Summary Report for:
49-9093.00 - Fabric Menders, Except Garment
Repair tears, holes, and other defects in fabrics, such as draperies, linens, parachutes, and tents.
Sample of reported job titles: Awning Craftsman, Custom Marine Canvas Fabricator, Fabric Worker, Hand-Woven Carpet and Rug Mender, Mender, Perch Mender, Sail Maker, Sail Repair Person, Seamstress, Tarp Repairer
Tasks | Technology Skills | Tools Used | Knowledge | Skills | Abilities | Work Activities | Detailed Work Activities | Work Context | Job Zone | Education | Credentials | Interests | Work Styles | Work Values | Related Occupations | Wages & Employment | Job Openings | Additional Information
- Measure and hem curtains, garments, and canvas coverings to size, using tape measures.
- Operate sewing machines to restitch defective seams, sew up holes, or replace components of fabric articles.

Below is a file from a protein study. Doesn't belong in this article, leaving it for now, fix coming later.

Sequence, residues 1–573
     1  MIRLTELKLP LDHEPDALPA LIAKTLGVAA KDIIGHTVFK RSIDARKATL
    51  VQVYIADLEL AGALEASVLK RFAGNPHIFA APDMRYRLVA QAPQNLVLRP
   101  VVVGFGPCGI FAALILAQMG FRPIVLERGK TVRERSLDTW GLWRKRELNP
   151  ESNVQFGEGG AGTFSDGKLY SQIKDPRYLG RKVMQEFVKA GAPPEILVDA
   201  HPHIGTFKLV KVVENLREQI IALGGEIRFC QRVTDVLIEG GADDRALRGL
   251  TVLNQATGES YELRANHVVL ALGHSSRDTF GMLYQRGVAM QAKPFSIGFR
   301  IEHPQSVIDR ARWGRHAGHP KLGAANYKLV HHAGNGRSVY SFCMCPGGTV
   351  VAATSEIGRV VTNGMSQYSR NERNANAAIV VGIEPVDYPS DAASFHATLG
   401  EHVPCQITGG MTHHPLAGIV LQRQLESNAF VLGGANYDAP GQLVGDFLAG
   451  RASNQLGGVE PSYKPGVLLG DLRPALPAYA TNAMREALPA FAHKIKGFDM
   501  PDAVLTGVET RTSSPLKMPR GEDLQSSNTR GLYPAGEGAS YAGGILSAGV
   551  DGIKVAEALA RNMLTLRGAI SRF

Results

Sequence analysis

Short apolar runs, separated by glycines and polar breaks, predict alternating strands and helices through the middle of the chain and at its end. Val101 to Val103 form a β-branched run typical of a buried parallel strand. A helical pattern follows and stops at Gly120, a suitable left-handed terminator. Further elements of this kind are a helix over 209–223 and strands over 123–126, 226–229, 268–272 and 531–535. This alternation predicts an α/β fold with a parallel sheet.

- Spread out articles or materials and examine them for holes, tears, worn areas, and other defects.
- Stamp grommets into canvas, using mallets and punches or eyelet machines.
- Trim edges of cut or torn fabric, using scissors or knives, and stitch trimmed edges together.
- Patch holes, sew tears and ripped seams, or darn defects in items, using needles and thread or sewing machines.
- Check repaired and repacked survival equipment to ensure that it meets specifications.
- Sew labels and emblems onto articles for identification.
- Repair holes by weaving thread over them, using needles.
- Electronic mail software — Microsoft Outlook
- Operating system software — Microsoft Windows
- Spreadsheet software — Microsoft Excel
- Word processing software — Microsoft Word
Hot Technology — a technology requirement frequently included in employer job postings.
- Buttonhole machines — Eyelet machines
- Crochet hooks — Crocheting hooks
- Desktop computers
- Fids — Push fids
- Hand sprayers — Spray guns
- Ironing machines or presses — Industrial steam irons
- Personal computers
- Power feeder — Fabric feeders